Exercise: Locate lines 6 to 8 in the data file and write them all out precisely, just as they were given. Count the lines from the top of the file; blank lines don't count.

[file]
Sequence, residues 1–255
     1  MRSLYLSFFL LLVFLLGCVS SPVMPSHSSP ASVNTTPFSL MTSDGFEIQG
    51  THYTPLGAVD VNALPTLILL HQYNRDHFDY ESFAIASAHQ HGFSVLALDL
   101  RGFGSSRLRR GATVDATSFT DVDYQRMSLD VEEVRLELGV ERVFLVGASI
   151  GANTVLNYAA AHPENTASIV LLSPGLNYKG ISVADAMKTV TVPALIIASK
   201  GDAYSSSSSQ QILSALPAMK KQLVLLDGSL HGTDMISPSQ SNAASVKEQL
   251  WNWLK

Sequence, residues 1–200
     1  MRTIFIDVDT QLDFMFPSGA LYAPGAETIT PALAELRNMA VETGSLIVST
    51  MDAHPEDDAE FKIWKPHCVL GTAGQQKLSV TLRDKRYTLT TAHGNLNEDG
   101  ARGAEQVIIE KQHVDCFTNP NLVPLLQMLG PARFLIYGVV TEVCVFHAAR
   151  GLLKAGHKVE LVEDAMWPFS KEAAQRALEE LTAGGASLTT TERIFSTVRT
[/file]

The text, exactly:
   201  GDAYSSSSSQ QILSALPAMK KQLVLLDGSL HGTDMISPSQ SNAASVKEQL
   251  WNWLK

Sequence, residues 1–200